In which X´ is the distance where f, force applied in capillary eletrophoresis. For conventional mode of capillary zone electrophoresis, electroosmotic and electrophoretic velocities are in opposite direction. This conventional mode is similar to tread mill and electric stairs where the moveing object has two movements one walking and the other one movement of the stairs.
There X´ in eqn. (17) is not the length of capillary, it is effective distance where the electric force which is applied is greater than the length of capillary is called
X´=effective length which looks like a treadmill, the solute is like a person which can run for miles on the mill but actually he has stayed stationary, f=FE force is Faraday constant times electric field. By substituting force in eqn. (19) one gets
By definition, the effective distance the analyte travels under the force of electric field, X´ divided by the relation times, t, is equivalent to electrophoretic velocity, , as the following
Replacing the electrophoretic velocity variable with the product of electrophoretic mobility and electric field yields the following expression:
In order to observe the dependence, efficiency has on capillary length and electroosmosis, a substitution for the time variable in eqn.(21) is made. Net displaccment of the analyte or capillary length, X, is related to the retention time, t as shown
By making additional substitution for electrophoretic and electroosmotic velocity produced, and, a final equation for efficiency is
plate height is the ratio of effective length X´ to efficiency N is
Substituting equation into eqn.(28) yields an expression for plate height.
This interesting result shows that the theoretical plate height is independent of electroosmotic flow when it is based on the effective distance the analyte travels rather than the capillary length. Instead, plate height has a simple inverse relation with the electric field strength.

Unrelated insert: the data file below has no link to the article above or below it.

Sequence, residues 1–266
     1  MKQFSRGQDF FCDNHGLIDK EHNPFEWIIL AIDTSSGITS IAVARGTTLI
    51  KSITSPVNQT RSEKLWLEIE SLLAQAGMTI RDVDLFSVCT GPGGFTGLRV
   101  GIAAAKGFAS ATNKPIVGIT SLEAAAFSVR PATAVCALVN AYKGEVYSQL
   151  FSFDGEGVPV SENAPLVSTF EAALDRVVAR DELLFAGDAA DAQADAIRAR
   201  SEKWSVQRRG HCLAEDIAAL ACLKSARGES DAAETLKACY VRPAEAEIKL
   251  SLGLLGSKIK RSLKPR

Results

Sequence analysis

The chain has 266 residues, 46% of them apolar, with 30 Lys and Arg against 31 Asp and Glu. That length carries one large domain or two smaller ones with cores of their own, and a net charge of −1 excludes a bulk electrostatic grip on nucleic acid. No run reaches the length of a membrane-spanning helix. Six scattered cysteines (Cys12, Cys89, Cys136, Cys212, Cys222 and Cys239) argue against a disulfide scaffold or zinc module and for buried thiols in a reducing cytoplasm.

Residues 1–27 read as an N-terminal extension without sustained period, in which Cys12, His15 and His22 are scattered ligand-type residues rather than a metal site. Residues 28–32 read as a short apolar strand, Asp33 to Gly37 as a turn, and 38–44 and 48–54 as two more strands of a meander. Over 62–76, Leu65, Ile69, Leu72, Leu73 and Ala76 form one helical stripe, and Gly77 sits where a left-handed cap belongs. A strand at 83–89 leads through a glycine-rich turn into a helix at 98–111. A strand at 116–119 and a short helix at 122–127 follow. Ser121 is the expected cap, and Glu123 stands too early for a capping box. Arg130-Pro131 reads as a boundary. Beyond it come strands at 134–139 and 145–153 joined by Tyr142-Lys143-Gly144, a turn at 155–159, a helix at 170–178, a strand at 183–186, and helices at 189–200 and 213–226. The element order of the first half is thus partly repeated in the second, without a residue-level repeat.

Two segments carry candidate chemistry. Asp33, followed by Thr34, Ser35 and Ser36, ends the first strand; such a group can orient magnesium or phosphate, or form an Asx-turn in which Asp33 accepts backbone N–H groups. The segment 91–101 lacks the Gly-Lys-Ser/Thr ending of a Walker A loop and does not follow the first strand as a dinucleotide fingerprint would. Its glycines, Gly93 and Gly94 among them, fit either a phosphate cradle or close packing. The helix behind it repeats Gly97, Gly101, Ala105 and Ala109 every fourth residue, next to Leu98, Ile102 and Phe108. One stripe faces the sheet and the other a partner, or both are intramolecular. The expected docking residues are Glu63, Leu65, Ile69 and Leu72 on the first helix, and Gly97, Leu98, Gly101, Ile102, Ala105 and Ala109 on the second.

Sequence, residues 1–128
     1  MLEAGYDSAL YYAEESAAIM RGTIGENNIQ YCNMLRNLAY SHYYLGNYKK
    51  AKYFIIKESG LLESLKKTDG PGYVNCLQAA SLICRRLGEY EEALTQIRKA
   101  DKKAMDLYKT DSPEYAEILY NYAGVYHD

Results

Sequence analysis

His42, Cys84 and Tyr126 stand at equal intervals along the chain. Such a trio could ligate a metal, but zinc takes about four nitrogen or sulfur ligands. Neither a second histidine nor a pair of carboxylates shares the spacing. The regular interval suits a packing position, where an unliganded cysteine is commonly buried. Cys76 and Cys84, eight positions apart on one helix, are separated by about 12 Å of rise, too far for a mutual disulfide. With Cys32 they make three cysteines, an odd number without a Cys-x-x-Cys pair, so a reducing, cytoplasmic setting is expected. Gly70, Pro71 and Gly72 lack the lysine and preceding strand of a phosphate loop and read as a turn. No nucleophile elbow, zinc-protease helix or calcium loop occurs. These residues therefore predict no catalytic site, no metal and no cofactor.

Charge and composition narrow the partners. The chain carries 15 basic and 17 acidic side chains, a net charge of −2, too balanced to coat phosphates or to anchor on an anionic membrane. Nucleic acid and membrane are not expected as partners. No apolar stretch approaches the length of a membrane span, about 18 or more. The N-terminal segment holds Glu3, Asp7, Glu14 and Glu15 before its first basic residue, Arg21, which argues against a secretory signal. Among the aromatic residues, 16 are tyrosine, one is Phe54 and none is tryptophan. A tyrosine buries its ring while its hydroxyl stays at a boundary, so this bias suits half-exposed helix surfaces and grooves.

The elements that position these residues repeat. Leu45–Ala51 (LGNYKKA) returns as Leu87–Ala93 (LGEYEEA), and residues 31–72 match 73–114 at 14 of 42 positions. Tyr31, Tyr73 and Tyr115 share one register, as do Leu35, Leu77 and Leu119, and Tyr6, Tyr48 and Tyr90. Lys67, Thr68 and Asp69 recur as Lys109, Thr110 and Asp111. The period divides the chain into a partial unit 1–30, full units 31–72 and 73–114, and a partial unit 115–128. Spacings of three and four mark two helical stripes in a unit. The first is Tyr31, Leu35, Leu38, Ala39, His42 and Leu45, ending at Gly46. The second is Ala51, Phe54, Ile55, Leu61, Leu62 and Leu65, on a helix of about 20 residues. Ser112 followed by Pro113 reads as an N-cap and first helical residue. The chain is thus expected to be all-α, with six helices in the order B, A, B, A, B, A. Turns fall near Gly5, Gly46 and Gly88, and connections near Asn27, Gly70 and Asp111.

Fig.1 Shows the invers relation between theoretical plate height and electric field strength. Electric field strength is the voltage across two ends of capillary divided by the length of capillary.
Equation for resolution: Based width resolution is the quantitative measure of ability to separate two analytes. For two adjacent peaks with similar elution times, peak showed be nearly identical:
The conventional expression for separation can be written with parameters related to either species A or B, shown here using the retention time and peak base width for species B².
when electrophoretic velocity, , is replaced with and applied patential, V is substituted for XE one obtains the following equation for the resolution:
In order to make a comparison between new resolution eqn.(35) obtained in present work and Jorgenson Lukacs equation for resolution eqn.(15) could be transformed to the following equation by using Einstein relation relating diffustion constant to mobility and